The newspapers said it all: This is “madness”.
Australia has made its seventh Prime Ministerial change in a decade, looking like a “palace coup” as yet again party leadership changed – with a sitting leader simply deposed.
A vote by Party members yet again made a mockery of a nation that prides itself on its “democracy”, often lecturing other countries on their political structures.
There are comparisons with a Shakespearean tragedy, with people being “stabbed in the back” and plotting, just as in Hamlet, Julius Caesar and Richard III.
This time there have again been many candidates for the role of Brutus, the character who stabs to death his friend and benefactor Caesar in the Shakespearean conspiracy bearing the latter’s name.
“Et Tu Bruce?” would be an appropriate line, in an Aussie, Monty Pythonesque type of way.
The media and commentators liken it to Italian fiascos involving frequent changes of prime ministers.
Meanwhile, the Australian public finds it appalling and has had a “gutfull” of politicians, as a bunch, and the “profession” in public eyes is at its lowest ebb.
To describe it as unbridled “democracy” would simply be wrong.
So I shook my head when I read of the McDonald’s style “hunger strike” being practised by Ali Mushaima, the fugitive in the UK who has been convicted in Bahrain of being part of a terrorist network.
He is calling for the release of his father Hassan, who is serving a jail sentence in Bahrain for trying to topple the government and Bahraini ruling family.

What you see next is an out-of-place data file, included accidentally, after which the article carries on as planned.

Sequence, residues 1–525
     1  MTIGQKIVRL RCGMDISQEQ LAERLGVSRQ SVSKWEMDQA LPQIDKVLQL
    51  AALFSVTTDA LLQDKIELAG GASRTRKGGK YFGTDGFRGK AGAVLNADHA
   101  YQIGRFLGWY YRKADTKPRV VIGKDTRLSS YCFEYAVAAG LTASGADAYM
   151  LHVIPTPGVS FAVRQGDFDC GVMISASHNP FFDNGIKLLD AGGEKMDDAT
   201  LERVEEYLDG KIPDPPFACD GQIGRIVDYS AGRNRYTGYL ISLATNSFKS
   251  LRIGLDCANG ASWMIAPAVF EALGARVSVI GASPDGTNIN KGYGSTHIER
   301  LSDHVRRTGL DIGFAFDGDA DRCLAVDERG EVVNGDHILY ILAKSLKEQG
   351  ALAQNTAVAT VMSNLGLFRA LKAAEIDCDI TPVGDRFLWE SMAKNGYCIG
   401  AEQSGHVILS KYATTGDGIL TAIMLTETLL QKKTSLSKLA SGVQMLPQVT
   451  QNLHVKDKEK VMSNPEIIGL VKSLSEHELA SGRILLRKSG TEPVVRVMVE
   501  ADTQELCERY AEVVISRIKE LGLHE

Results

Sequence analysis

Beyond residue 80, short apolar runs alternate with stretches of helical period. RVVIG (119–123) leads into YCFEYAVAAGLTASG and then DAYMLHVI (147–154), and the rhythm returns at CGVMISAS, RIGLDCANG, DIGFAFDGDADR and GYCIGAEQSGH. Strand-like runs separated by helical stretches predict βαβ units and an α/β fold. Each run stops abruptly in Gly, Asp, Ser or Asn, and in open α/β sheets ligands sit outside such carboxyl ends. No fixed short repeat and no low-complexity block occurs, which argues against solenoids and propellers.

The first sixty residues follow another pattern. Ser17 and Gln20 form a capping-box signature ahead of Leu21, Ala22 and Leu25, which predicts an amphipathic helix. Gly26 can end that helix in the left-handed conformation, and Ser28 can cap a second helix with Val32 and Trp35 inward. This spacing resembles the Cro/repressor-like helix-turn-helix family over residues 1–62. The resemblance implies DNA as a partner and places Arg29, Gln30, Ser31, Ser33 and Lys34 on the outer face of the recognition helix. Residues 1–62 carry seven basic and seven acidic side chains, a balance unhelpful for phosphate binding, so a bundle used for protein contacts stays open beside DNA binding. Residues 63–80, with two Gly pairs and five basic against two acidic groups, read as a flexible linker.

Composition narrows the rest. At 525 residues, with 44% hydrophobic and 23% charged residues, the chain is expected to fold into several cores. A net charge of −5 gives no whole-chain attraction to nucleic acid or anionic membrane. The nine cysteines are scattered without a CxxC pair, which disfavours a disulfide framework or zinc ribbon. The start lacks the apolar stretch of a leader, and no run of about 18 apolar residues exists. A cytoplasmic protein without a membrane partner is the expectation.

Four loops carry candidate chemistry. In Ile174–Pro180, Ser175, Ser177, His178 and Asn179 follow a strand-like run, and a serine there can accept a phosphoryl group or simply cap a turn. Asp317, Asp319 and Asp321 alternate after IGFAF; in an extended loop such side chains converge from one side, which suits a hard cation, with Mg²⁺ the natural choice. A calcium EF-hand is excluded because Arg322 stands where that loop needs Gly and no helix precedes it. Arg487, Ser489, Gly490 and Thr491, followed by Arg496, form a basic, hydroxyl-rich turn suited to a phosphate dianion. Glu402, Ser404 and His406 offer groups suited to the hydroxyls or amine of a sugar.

Ali has been protesting for many months outside – and at one point on top of – the Bahrain Embassy in London.
Now he claims to be on a so-called hunger strike, taking breaks for hours – for a coffee perhaps – but then returning when protesters gather.
Out come the banners.
Now Bahrain’s Ambassador to London has had enough of protesters blocking the entrance to the embassy, harassing visitors, and has asked British authorities to step in.
This, climbing Ali and the ground-dwelling protesters claim, is a denial of their “democratic rights”.
It is similar to Aussie protesters in parliament, who believe it is their “democratic right” to topple a Prime Minister just because various wings of the party have right-wing agendas – claiming they are only doing so to keep the government “on track”.
Members of both main political parties in Australia have brought claims that some of their colleagues drifted from the core party values.
Therefore, mustering supporters and taking their issues beyond the party rooms, a PM assassination effectively took place in public – using the media and, allegedly, public opinion.
It is just like the Mushaimas and the usual gatherers – Amnesty International and the various human rights fellows who ignore responses and evidence provided by Bahrain in the face of allegations.
Claims Ali is making about an alleged lack of medical care for his father in prison are simply fatuous.
As confirmed by authorities and human rights bodies in Bahrain, Hassan is booked for numerous visits to oncologists for the treatment of his cancer.
According to the embassy in London, so often he did not keep the appointments or postponed them.
Bahraini authorities make every effort to ensure claims of ill-treatment are investigated and access is provided for human rights groups, including international advocates, for prison visits and open, free discussions with inmates.
But democracy is not an absolute!